Literary descriptions of the underworld present it as a realm full of contradictions. They prove to be problematical, when they are analysed as real physical phenomena that conform to the laws of physics, time and space. Any attempt to map the underworld as real thus quickly becomes futile. But this does not mean that the underworld is illogical or incongruous. This seminar offers an alternative methodology for surveying underworld topography that emphasises its metaphysical nature. Using as a case-study Homer’s grove of Persephone, it demonstrates how particular geographical features draw upon connotative associations and intertextual allusions in order to describe imagined metaphysical ‘realities’ rather than actual physical ones.

About Classics and Ancient History Seminars

Event details

  • The seminars take place at 4pm, in the Michie Building (09), Room 536
  • Seminars are also on Zoom. Send an email to Duncan Keenan-Jones ( for the link.
  • Upcoming seminars can be found here.
  • Please be aware that we are still operating under Covid-19 regulations during public events. Masks are no longer required at UQ locations - however, UQ strongly encourages mask wearing when physical distancing is not possible. UQ strongly encourages all campus attendees to be up to date with vaccinations. And finally, those who are feeling unwell, have been diagnosed with COVID-19 in the previous 7 days or have been in close contact with a confirmed case in the last 7 days, are asked not to attend this seminar.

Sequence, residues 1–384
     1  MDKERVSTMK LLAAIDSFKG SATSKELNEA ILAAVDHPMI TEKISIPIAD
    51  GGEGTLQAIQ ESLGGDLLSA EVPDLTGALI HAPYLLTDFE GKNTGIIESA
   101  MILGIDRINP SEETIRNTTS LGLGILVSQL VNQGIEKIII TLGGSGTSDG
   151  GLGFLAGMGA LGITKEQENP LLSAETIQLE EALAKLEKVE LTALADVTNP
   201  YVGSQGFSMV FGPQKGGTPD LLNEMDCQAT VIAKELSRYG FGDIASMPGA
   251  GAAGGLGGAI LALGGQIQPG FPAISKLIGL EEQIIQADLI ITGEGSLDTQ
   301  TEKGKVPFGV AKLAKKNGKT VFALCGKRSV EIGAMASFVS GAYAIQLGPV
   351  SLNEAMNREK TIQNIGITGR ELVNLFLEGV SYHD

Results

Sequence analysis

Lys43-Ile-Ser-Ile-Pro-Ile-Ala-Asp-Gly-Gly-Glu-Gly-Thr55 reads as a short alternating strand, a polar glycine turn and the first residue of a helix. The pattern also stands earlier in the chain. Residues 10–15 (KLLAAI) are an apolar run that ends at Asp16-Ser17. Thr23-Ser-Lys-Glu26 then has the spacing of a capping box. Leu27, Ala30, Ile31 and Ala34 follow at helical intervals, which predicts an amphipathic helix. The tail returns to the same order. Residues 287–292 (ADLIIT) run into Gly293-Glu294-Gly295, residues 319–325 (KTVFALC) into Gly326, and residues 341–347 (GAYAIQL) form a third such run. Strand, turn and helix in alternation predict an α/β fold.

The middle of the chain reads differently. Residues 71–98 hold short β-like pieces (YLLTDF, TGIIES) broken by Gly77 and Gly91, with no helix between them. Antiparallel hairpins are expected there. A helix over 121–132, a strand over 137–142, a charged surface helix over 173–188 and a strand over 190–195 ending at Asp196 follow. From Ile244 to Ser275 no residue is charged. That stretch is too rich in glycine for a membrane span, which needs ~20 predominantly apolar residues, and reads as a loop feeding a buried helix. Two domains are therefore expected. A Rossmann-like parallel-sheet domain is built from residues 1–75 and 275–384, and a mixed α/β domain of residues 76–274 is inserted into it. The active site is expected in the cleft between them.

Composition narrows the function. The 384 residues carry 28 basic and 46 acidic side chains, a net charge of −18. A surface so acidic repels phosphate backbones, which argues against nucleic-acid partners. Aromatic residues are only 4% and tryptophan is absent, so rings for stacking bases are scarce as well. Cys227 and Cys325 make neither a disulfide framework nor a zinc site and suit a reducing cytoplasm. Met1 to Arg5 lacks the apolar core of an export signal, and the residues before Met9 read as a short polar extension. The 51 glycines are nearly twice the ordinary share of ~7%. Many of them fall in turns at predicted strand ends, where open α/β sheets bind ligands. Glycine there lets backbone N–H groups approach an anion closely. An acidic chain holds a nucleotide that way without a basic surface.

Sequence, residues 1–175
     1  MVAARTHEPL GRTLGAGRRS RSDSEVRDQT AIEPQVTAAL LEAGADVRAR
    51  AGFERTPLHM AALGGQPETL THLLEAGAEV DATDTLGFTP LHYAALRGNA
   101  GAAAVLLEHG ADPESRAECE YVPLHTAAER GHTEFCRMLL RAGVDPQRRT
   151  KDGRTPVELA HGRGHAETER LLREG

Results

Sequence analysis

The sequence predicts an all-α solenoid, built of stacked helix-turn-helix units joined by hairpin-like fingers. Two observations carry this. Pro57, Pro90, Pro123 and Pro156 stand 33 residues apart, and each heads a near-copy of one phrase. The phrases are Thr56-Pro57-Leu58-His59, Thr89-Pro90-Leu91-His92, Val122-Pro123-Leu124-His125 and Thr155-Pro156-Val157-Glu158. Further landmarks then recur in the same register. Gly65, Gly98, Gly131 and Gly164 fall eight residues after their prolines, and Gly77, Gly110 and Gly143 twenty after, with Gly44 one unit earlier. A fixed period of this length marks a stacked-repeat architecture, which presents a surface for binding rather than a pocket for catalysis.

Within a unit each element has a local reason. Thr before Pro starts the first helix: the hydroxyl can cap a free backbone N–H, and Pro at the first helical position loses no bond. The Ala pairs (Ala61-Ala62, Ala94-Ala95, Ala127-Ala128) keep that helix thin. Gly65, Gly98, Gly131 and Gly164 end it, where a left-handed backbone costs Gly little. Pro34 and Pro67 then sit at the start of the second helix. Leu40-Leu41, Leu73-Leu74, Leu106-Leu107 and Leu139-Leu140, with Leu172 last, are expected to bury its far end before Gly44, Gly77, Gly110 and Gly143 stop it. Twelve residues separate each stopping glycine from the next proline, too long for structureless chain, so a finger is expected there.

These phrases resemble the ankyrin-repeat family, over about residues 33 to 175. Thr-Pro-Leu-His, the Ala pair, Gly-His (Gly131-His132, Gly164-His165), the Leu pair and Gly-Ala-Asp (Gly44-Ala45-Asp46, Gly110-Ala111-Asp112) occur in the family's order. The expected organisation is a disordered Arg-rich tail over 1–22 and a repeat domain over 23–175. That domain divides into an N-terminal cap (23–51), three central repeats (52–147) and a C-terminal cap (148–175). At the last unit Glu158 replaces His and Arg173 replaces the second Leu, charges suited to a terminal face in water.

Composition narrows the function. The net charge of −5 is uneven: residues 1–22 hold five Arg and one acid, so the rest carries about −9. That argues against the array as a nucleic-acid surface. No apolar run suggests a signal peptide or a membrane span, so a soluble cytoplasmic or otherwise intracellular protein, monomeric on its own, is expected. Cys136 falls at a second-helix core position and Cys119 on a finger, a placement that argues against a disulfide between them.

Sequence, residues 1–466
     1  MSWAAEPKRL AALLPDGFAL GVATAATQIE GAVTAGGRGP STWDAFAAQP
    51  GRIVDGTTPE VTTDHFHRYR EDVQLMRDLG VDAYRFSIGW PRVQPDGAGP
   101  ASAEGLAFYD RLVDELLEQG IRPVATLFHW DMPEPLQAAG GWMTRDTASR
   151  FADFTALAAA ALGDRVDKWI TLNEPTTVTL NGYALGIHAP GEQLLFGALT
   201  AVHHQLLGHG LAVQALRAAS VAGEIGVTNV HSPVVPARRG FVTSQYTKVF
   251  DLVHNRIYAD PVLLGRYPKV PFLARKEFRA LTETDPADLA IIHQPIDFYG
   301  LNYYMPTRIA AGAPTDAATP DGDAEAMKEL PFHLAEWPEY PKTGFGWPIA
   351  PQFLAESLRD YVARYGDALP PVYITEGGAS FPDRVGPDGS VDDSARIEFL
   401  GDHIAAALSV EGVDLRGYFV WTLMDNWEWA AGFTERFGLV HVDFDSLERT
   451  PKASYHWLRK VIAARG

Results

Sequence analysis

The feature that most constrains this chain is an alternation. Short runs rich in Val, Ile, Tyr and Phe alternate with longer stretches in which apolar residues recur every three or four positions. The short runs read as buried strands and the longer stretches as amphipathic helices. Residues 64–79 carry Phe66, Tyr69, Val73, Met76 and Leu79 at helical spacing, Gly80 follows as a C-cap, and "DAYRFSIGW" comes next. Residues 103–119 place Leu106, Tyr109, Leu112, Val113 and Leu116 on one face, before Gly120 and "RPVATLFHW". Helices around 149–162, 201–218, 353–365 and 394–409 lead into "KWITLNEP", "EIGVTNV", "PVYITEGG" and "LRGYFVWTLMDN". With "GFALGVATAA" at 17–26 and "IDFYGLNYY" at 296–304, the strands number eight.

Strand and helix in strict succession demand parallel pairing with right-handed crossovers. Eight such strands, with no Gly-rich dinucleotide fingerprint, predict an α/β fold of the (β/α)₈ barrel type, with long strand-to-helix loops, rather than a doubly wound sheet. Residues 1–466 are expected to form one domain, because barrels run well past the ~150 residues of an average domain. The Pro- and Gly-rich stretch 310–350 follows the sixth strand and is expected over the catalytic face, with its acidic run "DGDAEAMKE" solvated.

• For those attending in person, if you would like to join us for drinks and/or dinner afterwards at UQ’s St. Lucy's from 5:15 pm, please RSVP by email to Duncan Keenan-Jones ( by 9am on the day of the seminar.
  • Please also contact Duncan Keenan-Jones should you have questions about the event.

The Friends of Antiquity, an alumni organisation of the University, runs its own series of public lectures, which take place on Sunday afternoons. The Friends’ program for can be found at